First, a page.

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A highly-accomplished musician has been appointed as York Minster’s new Assistant Organist. Adam Wilson will join the internationally-renowned York Minster music department on 21 August. Adam will join the cathedral’s music team led by Director of Music, Robert Sharpe and the Assistant Director of Music, Benjamin Morris.
Commenting on Adam’s appointment Robert Sharpe said: “I am looking forward to having Adam as part of our team, working alongside Ben Morris and me. He brings considerable experience from his time at Wells and I have no doubt he will enjoy being in York and getting to know the Minster, its people and its organ.”
Adam has been Acting Assistant Director of Music at Wells Cathedral since January 2023, having been Assistant Organist since September 2021. In this role, he is the principal Organist to the acclaimed Wells Cathedral Choir. As such, Adam has accompanied the full calendar of choral and civic services in the Cathedral, and has accompanied several concerts including Duruflé’s Requiem with the Cathedral Choir, Fauré’s Requiem and Rutter’s Magnificat with the Cathedral Oratorio Society, as well as various programmes in which he has played continuo.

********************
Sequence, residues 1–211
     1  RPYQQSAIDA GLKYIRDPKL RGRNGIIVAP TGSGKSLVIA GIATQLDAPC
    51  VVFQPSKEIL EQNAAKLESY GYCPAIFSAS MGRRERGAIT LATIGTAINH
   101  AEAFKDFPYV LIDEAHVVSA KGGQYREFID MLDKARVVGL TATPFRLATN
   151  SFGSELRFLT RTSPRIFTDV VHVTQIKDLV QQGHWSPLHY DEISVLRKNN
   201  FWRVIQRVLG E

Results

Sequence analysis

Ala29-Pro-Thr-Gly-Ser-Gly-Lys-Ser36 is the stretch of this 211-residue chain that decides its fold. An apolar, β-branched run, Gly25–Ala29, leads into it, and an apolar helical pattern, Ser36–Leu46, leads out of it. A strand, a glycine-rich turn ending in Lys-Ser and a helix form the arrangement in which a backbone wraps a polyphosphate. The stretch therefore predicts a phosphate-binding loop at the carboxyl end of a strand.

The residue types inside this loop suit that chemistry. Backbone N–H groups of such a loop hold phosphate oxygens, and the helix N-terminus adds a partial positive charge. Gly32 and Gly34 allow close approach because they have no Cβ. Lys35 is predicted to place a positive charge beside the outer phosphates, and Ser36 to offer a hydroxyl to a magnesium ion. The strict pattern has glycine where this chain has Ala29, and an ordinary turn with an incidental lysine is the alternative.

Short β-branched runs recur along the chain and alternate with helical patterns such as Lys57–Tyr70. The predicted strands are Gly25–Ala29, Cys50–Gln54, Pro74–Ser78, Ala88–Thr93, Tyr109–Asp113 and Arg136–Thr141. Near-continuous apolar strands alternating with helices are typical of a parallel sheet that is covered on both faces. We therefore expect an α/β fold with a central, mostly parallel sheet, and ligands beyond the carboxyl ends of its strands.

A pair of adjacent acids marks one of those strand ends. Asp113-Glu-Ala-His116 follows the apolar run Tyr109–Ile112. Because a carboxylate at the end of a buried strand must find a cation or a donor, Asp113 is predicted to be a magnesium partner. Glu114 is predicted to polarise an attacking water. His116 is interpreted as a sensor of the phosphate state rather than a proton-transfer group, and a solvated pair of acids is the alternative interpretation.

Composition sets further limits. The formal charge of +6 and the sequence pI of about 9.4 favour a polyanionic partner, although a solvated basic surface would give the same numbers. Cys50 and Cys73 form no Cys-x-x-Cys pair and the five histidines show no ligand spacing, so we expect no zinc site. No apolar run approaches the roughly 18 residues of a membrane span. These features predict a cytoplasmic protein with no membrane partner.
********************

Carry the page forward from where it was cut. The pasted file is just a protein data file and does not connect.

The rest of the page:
In addition to his duties as an Organist, Adam has played a key role in assisting the Acting Director of Music in training the Choristers, particularly in being responsible for the musical development of the probationer Choristers, and in the running of the Music Department.
Prior to his appointment at Wells Cathedral, Adam spent two years as Acting Assistant Master of the Music at St Mary’s Episcopal Cathedral, Edinburgh, (including a period as Acting Master of the Music) where he was involved in the restoration of the cathedral’s 1879 ‘Father’ Willis organ. He has also held organ scholarships at Peterborough Cathedral, St Mary’s Episcopal Cathedral, Edinburgh, the University of Glasgow, and Dunblane Cathedral.
In 2016, Adam was commissioned by Cottier Chamber Music Project to transcribe Scriabin’s symphonic epic, Prometheus: The Poem of Fire, for organ and piano. The performance, with pianist Nick Lauener, explored the traits of synesthesia, a neurological condition where senses overlap, in musicians. The music was accompanied by a light show which illuminated the chapel in a display designed around Scriabin’s own instructions for the use of a ‘colour organ’ in Prometheus, in collaboration with Glasgow Science Festival.
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